It has been a long time in planning and construction, but after more than 22 years, the Down East Sunrise Trail is officially completed — at least for now.

The trail connects snowmobile trails in Hancock and Washington counties to other parts of Maine. It offers quality east-west snowmobile trails in the region along coastal areas, including some scenic loop trails. People who live in Ellsworth can be on a great trail in less than five minutes of travel.

The trail, formerly known as the Calais Branch Rail Corridor, runs from Washington Junction in Hancock (just outside Ellsworth) to Ayers Junction in Pembroke.

More than two decades ago, the Maine Department of Conservation got a permit to use the abandoned rail bed trail from the Department of Transportation. At 87 miles, it is the longest single rail trail in Maine and is available for multiple uses.

Much work had to be done on the trail to make it usable. An assessment in 2007 revealed that 28 bridges needed to be repaired or replaced, and there were 57 washouts occurring because of failing culverts, lack of maintenance and areas flooded by beavers building dams.

The project has met more than its fair share of challenges. There was opposition to the trail from railroad enthusiasts who wanted to bring the train system back. However, the old rails and bridges couldn’t support new trains. An agreement was reached that allowed the rail bed to be preserved in the event that someday rail business could return to the line, depending on need and the economic situation.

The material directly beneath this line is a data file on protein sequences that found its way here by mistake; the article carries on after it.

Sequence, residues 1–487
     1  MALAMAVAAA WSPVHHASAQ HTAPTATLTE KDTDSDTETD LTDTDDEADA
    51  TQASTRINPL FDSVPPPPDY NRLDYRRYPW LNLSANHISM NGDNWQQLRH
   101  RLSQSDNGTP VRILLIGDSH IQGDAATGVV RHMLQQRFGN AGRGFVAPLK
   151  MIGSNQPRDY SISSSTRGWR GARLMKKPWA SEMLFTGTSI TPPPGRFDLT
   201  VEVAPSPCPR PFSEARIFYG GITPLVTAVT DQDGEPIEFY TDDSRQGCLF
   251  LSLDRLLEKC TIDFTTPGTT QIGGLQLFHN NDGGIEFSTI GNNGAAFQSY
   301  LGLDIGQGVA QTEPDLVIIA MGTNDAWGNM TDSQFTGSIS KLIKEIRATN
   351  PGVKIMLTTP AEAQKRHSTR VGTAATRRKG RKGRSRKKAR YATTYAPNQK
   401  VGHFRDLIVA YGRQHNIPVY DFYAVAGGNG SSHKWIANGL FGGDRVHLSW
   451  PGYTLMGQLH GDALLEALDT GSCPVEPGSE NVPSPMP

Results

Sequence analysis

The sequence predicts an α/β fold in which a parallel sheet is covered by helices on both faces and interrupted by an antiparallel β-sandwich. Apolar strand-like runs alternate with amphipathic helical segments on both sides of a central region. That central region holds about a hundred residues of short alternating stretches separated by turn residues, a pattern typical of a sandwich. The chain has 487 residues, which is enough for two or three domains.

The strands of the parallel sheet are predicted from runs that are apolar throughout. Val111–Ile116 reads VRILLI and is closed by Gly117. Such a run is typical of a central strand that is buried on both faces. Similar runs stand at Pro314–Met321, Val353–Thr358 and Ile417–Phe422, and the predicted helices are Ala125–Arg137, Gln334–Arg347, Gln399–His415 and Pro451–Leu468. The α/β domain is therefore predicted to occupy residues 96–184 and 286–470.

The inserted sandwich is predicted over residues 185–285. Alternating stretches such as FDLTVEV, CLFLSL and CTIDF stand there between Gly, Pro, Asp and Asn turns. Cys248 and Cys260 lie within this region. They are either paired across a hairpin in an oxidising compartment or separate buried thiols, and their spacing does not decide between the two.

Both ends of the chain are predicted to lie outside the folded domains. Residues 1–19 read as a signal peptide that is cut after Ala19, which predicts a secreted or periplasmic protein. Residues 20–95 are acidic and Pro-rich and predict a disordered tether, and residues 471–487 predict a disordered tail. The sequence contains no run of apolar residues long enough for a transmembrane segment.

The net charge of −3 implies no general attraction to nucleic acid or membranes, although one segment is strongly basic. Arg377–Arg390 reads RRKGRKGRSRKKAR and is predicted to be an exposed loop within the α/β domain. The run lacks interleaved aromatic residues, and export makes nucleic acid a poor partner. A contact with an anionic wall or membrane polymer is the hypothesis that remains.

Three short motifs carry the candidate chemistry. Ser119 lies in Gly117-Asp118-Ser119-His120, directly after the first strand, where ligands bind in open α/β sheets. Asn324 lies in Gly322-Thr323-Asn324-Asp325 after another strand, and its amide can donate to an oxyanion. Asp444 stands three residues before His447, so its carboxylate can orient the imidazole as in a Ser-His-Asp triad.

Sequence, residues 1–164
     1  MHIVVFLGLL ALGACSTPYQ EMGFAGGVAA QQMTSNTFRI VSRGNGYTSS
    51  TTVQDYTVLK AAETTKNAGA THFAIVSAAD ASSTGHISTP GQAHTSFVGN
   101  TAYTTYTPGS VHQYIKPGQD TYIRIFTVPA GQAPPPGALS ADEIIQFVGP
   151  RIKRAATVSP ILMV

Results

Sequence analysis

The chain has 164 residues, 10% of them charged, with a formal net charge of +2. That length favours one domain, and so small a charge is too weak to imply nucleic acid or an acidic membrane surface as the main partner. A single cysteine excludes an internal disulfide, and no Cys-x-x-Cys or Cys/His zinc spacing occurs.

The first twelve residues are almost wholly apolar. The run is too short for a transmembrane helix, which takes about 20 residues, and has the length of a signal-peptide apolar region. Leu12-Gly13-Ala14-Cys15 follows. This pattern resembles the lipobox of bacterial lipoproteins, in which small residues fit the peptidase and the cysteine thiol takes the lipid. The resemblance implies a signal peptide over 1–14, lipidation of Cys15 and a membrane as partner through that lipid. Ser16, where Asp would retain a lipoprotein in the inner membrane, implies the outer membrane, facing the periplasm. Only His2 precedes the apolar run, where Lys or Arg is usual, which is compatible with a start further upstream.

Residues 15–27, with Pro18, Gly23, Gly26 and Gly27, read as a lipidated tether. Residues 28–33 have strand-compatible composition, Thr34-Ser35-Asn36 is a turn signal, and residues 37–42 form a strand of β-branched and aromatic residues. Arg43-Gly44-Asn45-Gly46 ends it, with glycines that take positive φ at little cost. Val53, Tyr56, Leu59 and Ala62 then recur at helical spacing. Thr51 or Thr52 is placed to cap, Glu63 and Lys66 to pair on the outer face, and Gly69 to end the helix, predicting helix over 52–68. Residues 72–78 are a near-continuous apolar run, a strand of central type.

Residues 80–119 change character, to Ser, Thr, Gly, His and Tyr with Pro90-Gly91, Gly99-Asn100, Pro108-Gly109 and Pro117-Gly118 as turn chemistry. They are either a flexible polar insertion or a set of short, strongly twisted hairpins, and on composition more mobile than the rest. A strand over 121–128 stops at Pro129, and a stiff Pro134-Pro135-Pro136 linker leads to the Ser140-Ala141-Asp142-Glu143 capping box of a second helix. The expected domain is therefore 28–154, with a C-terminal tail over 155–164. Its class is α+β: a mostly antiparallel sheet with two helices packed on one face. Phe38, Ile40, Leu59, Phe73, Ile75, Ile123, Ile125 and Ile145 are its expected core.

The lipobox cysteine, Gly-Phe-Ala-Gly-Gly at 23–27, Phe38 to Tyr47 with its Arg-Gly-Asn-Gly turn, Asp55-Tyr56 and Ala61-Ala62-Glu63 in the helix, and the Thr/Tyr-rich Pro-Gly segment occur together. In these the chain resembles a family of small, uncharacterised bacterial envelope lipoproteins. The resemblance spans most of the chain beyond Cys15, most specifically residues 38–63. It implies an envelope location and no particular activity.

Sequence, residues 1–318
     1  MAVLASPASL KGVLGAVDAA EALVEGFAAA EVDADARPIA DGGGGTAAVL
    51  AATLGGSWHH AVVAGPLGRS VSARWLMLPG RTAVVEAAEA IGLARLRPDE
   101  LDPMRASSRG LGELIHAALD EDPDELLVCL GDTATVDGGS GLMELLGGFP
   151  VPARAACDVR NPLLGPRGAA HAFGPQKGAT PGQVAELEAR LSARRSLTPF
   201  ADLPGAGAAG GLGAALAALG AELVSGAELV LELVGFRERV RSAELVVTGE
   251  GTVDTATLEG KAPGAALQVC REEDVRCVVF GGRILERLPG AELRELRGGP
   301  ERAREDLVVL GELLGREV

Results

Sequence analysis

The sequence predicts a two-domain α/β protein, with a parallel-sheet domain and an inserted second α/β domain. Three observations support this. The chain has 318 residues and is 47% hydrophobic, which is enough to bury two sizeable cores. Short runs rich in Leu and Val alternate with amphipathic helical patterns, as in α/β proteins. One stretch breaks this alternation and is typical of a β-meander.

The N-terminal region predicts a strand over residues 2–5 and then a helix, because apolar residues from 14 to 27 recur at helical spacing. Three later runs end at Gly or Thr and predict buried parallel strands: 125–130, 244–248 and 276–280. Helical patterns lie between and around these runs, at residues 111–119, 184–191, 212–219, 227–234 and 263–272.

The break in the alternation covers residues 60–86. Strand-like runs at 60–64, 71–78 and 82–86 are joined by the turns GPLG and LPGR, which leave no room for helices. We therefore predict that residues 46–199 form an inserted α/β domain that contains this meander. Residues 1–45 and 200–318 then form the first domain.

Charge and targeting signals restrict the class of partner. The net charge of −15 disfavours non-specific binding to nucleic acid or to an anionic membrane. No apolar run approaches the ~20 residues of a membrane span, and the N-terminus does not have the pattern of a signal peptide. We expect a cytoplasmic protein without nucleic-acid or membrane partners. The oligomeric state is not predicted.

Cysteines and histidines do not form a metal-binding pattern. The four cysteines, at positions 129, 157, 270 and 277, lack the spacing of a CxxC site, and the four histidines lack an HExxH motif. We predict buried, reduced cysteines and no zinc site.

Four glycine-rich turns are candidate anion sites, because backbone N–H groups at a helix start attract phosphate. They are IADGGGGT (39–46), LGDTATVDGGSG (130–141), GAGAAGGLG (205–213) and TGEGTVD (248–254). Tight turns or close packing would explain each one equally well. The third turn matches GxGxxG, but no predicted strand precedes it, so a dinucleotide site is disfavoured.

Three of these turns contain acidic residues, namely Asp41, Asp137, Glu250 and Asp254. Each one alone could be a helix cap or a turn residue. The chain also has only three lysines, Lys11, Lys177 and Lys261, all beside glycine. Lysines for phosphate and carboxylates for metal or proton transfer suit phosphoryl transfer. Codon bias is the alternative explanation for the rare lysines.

As part of the agreement, the old rails and ties were removed, the rail bed was built to railroad standards and culverts were repaired so the rail bed wouldn’t wash out.

The trail may be used by snowmobilers, cross-country skiers, ATV riders, pedestrians, bicyclists, equestrians and others.

It passes some of most beautiful scenery in Hancock and Washington counties, including saltwater marshes, mountains and coastal inlets.

It crosses several large rivers, including the Dennys, East Machias and Machias.

“It is an incredible ride and the variety of scenery is amazing. You can go from thick forests and it will open up into big bog areas and there are mountains right along the trail as well,” said Joe McPhail, president of the Dennysville Snowmobile and ATV Club, which grooms 19 miles of the trail in the winter. “We’ve seen wildlife including deer, turkeys, partridge, fox and eagles.”

Improvements on the trail cost roughly $59,000 per mile — a total of about $5 million. And there are plans to extend it two more miles into Ellsworth.

Now that the rails and ties are gone, the snowmobile season can be extended by up to two months, depending on snow conditions.

Previously, there had to be quite a bit of snow covering the rails and ties for snowmobilers to ride safely. Now there is just a gravel bed.

Snowmobile clubs in Hancock and Washington counties have been working on creating new local trails that lead to the Down East Sunrise Trail.

“We have made some new trails on this end of the Sunrise Trail to be able to access some of our local businesses in Pembroke and Dennysville, such as restaurants and gas stations,” said McPhail. “We even have one man who owns log cabins and rents them out for snowmobilers to stay in. We continue to work on developing new trails all the time. It has already been a big economic boon for the area, with a lot of people coming in to ride the trail.”

Groups are working on improving the trail by putting up picnic tables, outhouses, signs, kiosks and trash cans. And there are several maintained parking lots providing easy access to the trail.

Cathy Genthner is a registered Maine Guide and is licensed to guide snowmobile trips. She is the owner of River Bluff Camps in Medford, located off ITS-83. She can be reached at:

[email protected]